Review

Examining inertial drift – Esports Ray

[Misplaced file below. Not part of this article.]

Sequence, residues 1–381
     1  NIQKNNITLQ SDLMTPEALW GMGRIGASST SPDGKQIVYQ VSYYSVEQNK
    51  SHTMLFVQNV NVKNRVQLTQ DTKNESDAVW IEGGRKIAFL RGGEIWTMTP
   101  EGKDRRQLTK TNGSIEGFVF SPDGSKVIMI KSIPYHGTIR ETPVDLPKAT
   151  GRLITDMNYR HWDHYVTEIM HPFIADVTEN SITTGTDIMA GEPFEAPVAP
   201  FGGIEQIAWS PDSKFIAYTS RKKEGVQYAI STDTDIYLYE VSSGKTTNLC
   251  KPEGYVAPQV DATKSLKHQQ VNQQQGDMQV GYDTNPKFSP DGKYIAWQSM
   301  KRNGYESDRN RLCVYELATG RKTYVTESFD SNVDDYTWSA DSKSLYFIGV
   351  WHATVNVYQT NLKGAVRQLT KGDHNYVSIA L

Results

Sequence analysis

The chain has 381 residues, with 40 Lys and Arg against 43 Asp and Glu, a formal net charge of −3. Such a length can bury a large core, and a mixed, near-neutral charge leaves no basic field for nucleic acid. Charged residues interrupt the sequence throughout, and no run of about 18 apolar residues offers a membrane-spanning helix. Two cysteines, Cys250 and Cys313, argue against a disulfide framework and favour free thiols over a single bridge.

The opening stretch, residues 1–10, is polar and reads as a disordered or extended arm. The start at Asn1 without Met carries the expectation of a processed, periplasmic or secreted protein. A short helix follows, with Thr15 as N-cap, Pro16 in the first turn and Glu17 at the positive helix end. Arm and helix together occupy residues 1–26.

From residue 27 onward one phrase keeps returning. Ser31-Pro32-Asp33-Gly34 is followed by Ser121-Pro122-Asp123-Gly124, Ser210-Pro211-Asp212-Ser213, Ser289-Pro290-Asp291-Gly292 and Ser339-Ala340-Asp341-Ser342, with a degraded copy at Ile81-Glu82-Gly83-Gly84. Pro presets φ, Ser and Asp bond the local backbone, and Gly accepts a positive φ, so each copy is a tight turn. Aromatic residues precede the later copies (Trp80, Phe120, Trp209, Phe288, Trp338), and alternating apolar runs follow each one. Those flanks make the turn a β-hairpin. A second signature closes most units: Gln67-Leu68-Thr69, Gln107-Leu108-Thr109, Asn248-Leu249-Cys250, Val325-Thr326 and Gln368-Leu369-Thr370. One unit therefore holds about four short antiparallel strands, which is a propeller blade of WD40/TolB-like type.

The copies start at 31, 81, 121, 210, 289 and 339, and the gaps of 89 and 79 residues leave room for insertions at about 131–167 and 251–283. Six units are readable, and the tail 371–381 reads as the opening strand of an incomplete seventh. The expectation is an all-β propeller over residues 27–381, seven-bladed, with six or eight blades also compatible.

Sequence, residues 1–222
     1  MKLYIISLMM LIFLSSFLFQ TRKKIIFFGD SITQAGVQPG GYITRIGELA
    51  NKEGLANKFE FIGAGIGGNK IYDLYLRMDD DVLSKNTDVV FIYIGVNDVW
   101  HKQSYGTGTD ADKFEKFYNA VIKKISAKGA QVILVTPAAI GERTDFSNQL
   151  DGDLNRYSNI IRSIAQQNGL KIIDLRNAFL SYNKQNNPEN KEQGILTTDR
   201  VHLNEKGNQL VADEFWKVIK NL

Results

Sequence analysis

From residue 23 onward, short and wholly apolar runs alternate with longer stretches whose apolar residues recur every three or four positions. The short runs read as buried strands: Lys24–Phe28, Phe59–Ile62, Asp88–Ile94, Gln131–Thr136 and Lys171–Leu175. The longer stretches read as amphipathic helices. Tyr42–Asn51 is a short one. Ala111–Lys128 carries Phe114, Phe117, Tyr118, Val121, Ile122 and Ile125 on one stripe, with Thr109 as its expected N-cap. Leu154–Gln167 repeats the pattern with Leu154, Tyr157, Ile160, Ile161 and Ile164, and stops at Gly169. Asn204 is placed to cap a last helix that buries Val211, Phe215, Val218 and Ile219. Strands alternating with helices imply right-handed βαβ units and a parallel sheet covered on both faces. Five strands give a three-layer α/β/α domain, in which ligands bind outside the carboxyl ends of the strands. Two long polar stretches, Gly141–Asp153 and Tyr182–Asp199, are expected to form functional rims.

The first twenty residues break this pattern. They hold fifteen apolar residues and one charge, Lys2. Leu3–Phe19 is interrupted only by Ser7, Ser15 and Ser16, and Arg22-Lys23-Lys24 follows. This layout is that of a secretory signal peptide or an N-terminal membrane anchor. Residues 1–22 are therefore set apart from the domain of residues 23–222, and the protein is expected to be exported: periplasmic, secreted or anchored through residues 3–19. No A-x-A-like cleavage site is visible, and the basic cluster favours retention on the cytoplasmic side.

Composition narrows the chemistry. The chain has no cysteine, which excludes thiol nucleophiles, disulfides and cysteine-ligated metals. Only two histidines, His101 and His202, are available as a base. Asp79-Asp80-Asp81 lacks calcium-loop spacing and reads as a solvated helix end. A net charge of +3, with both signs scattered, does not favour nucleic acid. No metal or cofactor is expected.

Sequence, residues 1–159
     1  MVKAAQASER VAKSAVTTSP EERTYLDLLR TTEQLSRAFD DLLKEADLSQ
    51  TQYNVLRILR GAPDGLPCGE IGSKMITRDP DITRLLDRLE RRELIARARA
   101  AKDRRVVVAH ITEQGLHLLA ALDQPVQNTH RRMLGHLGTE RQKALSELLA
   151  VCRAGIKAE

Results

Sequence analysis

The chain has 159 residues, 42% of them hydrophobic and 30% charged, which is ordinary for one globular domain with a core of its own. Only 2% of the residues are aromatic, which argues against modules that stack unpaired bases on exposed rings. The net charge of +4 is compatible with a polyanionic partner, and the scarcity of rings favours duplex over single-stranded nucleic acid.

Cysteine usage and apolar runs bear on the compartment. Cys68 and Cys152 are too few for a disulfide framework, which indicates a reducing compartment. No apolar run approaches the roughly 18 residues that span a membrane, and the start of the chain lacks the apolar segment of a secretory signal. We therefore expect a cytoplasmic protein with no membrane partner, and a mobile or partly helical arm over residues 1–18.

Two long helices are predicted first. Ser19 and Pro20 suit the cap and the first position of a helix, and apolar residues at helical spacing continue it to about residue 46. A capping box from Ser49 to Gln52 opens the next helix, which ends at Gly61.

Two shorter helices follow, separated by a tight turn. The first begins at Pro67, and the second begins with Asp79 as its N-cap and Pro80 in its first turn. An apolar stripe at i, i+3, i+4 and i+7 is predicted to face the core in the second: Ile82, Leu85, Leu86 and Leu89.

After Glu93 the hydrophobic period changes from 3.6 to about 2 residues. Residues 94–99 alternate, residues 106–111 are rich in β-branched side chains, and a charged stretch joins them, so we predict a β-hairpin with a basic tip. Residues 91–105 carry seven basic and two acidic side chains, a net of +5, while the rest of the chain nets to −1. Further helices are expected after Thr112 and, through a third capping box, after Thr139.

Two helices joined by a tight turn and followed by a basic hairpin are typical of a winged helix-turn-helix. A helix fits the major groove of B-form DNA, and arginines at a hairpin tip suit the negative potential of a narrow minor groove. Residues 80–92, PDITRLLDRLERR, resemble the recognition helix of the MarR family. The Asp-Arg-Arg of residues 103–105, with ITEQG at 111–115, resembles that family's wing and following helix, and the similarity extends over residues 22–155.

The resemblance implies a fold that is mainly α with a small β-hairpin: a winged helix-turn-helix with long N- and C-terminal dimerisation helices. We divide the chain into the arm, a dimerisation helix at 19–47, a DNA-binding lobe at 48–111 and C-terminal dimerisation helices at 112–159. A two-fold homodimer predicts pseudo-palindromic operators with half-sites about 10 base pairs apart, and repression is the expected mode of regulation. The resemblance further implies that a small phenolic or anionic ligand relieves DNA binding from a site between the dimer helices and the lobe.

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Screaming sideways in the long, arching turns of Snow Mountain Sprint, my front tires endlessly flirted with the dense snow on the side of the road, but the control precision was such that they never kissed. My first Inertial Drift arcade racing events went effortlessly as I threw my car sideways turn after turn. It makes a great first impression, but beyond the initial rush of high-speed thrills, it soon turns out to have enough depth to go the distance as well. My first races, you see, were in Edward’s Terra Dart, an easy-to-handle sporty number with all the depth of a paper bag but, most importantly, the perfect vehicle to introduce Inertial Drift’s double-stick controls. . Yes, in this racing car, you steer with the left joystick, but control the drift of your car with the right. This allows you to make separate on-the-fly adjustments to manipulate the angle of your car as you drift while moving it left or right on the track, allowing you to maintain the perfect line on virtually any curve or to slide neatly into any corner. It changes the game. Dart is the purest and simplest expression. You can simply lock the throttle and attack each turn with a two-stick dropout. What if you need to hit a really aggressive angle? A tap on the brake will rotate the rear further. Edward’s Dart, however, is just the start. Each vehicle on Inertial Drift’s list feels distinct and requires a specific approach to master. Ibba’s HPE Dragon, for example, requires you to brake before sharp turns before starting to drift in order to hit the right line and maintain momentum. You can then take advantage of its strong acceleration to get out of the turn. Riku’s Venom Industries Ventus will only go into a slightly inclined lazy slide with the drift stick engaged; rather, it is the brake that is the main way to get sharper angles in the corners. Corey’s HPE Katana, on the other hand, involves feathering the throttle as you glide, fine-tuning the drift stick to find the right angle. Pause during a slide with this car and it picks up. There are so many extremes to enjoy in the 16 car lineup. Seth’s Coda Supreno has an extremely slow build speed, which means every mistake is costly, but it’s the fastest car in the game when it starts. It’s exciting to learn how to release the accelerator and find precisely the right drift line to maintain momentum in the turns. Gunner’s Roton 7D, meanwhile, has a raw power stack and drift on the brake, so it feels very nervous, swaying widely on the lightest touch. It’s hard to get a feel for it, especially in the sharp corners which can let you turn completely if you aren’t skillfully handled. And then there’s Samira’s HPE Jester, who never wants to take over again. Everything is adrift, all the time. Inertial Drift – Story Mode Characters As you’ve probably noticed, each car is tied to a specific character, and you’ll get to know that cast as you progress through story mode. Playing through the story of Inertial Drift four times – once for each of the selectable characters – gave me a really good taste of what its racing mechanics have to offer, and makes smart use of its dialogue and challenges. to teach lessons on how each car behaves. Ibba, for example, won’t be able to post a good enough lap time on City Skylink unless he – and by extension, you – takes Viv’s advice to heart on why you sometimes need to brake. to go faster. The challenges here are all about making you a better driver, and as I walked through the events of each destination, I have certainly become that. While the story itself has no real consequences, its execution is refreshing. There’s no testosterone here – no high-stakes bickering between hotshot pilots with insanely big egos. Instead, we have a large cast of racing enthusiasts – people from all walks of life who want to share their love of racing, help each other and improve themselves. It’s endearing, really, that you play as Edward, who just wants to have fun but finds out that with practice he has the chops to be competitive, or Viv, who’s the runner to beat, but also humble enough to know she has more to learn. It provides a backdrop to some absolutely captivating races – all, in essence, against the clock, because even when you’re running straight with another character, your car safely passes through theirs instead of bumping into each other. And everything, I should also add, from a chase camera view – something I usually never use in arcade racers, much preferring to be low to the ground and in first person. Luckily the cars look great on the inertial drift track and the sense of speed is still very real even from that point of view.My favorite course is Mount Kirino, a point to point race of about five minutes with a mountain winding. roads, wide back turns, fast S-turns and so much speed. “Story Mode only has five destinations, but each is very distinct. City Skylink, for example, feels completely different from the Sunset Sea Circuit. The former is an urban route with wide freeways, long curving tunnels, and technical street sections, while the latter takes you from the beach into the mountains as you soar along narrow and swift roads, zigzagging in a slalom downhill and howl around a series of switchbacks. My favorite course, however, is Mount Kirino, a roughly five-minute point-to-point race with twisty mountain roads, an epic corkscrew that lets you hold a seemingly forever drift, big backward turns, fast S-turns and oh so a lot of speed. And along the way, you’ll set off from ski areas, where chairlifts silhouetted against the night sky, through an ancient forest lit by lanterns and dotted with impossibly tall trees, over mountain slopes with purple-hued stars. and a sliver of moon towering over the screen, then finally a cityscape appears mirage in the distance as you stroll along a series of ridges. I’m not in love with the cel-shaded, vaporwave aesthetic of Inertial Drift in general, but it certainly has its moments. The story mode lessons are just a part of what’s available elsewhere. There are 20 course layouts in all, covering point-to-point races and circuits, and including front and rear options. If you want to practice these other options, you’ll need to switch to Arcade Mode, where you can also test your mettle against the fastest times posted by players around the world. That’s good, but I really enjoyed the context and challenges provided by Story Mode, so it’s a shame that ending a character’s story doesn’t open up a Story Mode + that allows you to do all of the courses backwards, or perhaps offer a different selection entirely. (There is, however, an option to choose “Xtra Crispy” when starting a new story save, which offers tougher targets and faster opponents, but the same courses.) That said, Arcade mode is definitely useful to familiarize yourself with specific courses before switching to Grand Prix mode. Each car / racer has a custom grand prize to complete, and it helps to familiarize yourself with each event as you only have three second chances to complete the full set. The challenges are also pretty cool – there’s one for any extra cars that can be unlocked, which then lets you take them into other modes. And for fans of the same action screen, in addition to online multiplayer, Inertial Drift also offers a two-player split screen.